In June 23, 2014 decision, the French Administrative Supreme Court confirmed and clarified the recent position taken in the Garnier Choiseul Holding (French Administrative Supreme Court decision, July 17, 2013, 9th and 10th subsect., no. 356523, and French Administrative Supreme Court Decision, April 11, 2014, 9th and 10th subsect., no. 352999), regarding the review of "coquillards" (thieves) schemes in proceedings to prevent abuses of law.  Remember that these two decisions reversed the case law, which was favorable to taxpayers, handed down in recent years by various administrative courts and courts of appeal that reviewed this type of scheme.

Once again the position adopted by the Paris Administrative Court of Appeal in its decision on April 27, 2012, no. 11 PA 02237, ruling in favor of Groupement Charbonnier Montdidérien, the French Administrative Supreme Court effectively reaffirmed that the tax authorities may legally apply the system for preventing abuses of law, provided by Article L. 64 of the French Book of Tax Procedures, to challenge application of the parent companies/subsidiaries tax regime, provided by Articles 145 and 216 of the French Tax Code, to dividends received by a parent company from the acquired subsidiary, after the subsidiary has ceased its initial activity and liquidated its assets.  This applies in all cases where the parent company does not prove that it has taken steps to enable its subsidiary to take over and develop its former activity or to find another activity.

The facts of the case were as follows:  in 2002 and 2003, Soprinvest Immo (of which Groupement Charbonnier Montdidérien was the successor-in-interest) acquired Sud Immo Service and Remount, which then paid it dividends subject to the parent companies-subsidiaries tax regime.  Simultaneously, the purchaser company deducted provisions for depreciation of the shares of the acquired companies, pursuant to Article 219-I-ter-a of the French Tax Code, in amounts close to the value of the dividends received.  As a result, it received immediate tax benefits in the form of tax savings and tax loss carry-forwards.  In addition, the judicial investigation found that Remount had ceased all activity when it was acquired, its assets were essentially comprised of bonds of a Luxembourg company and of financial interests, it did not employ any staff and the dividend distributions it had made effectively deprived it of the resources to be able to find another activity.  Sud Immo Service had retained a portion of its assets, which, however, were essentially comprised of bonds of the same Luxembourg company and did not lead to any transfers of shares that could be characterized as a portfolio management activity.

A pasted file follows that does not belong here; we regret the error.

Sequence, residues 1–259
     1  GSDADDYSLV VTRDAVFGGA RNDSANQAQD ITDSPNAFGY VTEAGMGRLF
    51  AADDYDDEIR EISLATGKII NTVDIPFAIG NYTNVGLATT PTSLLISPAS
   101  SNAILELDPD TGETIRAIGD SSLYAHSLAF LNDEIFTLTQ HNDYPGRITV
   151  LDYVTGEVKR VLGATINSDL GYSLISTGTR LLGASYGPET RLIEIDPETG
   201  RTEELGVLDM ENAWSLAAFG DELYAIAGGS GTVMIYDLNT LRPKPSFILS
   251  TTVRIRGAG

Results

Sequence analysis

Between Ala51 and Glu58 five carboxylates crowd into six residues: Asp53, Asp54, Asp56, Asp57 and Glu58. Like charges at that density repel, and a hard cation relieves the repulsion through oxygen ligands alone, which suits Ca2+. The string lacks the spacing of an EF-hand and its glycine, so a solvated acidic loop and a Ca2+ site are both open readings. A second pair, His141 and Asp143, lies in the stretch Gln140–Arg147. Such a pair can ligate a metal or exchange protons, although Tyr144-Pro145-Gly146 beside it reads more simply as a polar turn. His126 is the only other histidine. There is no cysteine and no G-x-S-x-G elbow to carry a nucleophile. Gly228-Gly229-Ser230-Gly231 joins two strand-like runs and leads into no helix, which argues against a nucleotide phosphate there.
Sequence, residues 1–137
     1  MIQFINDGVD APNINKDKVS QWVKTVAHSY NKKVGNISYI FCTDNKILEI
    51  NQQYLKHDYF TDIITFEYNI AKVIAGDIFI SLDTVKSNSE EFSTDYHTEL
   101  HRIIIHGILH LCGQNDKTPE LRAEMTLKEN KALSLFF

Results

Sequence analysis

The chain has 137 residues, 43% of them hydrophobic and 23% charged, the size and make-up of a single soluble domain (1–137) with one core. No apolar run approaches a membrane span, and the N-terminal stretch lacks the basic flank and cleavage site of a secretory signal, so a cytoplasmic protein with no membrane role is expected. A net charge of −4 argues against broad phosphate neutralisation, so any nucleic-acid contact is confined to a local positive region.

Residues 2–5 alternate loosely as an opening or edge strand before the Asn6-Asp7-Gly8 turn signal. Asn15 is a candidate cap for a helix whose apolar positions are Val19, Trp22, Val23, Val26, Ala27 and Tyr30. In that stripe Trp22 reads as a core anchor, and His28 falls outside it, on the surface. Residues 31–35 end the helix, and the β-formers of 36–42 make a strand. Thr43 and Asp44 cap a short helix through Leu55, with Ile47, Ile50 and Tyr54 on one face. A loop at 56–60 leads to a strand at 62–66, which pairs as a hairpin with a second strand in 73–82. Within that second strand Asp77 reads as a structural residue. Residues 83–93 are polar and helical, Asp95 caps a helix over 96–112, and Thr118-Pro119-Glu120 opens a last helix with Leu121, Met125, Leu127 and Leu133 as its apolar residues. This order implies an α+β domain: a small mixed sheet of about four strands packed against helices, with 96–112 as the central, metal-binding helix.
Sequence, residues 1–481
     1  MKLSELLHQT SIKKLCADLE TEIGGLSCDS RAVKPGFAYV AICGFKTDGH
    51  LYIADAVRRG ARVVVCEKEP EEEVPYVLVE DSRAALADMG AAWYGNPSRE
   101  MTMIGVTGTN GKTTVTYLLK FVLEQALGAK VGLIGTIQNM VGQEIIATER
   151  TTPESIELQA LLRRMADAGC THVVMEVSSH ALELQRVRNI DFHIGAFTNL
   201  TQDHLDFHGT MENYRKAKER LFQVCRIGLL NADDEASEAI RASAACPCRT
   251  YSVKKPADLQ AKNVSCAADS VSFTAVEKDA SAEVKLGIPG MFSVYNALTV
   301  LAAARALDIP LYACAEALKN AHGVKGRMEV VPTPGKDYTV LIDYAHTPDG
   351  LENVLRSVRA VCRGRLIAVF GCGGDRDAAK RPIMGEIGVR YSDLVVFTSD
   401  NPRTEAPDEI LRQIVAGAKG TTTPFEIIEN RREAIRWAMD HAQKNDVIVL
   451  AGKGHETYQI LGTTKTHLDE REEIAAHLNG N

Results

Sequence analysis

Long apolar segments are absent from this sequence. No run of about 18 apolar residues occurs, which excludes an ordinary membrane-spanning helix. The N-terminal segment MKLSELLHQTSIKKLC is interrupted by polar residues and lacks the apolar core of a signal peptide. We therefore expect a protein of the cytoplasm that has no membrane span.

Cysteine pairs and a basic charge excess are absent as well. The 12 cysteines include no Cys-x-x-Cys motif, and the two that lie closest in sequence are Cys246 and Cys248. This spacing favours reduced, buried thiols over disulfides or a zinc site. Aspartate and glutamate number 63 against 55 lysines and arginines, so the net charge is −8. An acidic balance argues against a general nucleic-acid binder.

In ruling for the company, the Paris Administrative Court of Appeal noted that, firstly, Soprinvest Immo, Sud Immo Service and Remount existed before the dividend distribution and the disputed tax benefits had not been obtained through a company specially formed for this purpose and, secondly, the relevant transactions had not violated the objectives of Article 216 of the French Tax Code, which enacted the parent companies tax regime for the purpose of eliminating double taxation of dividends.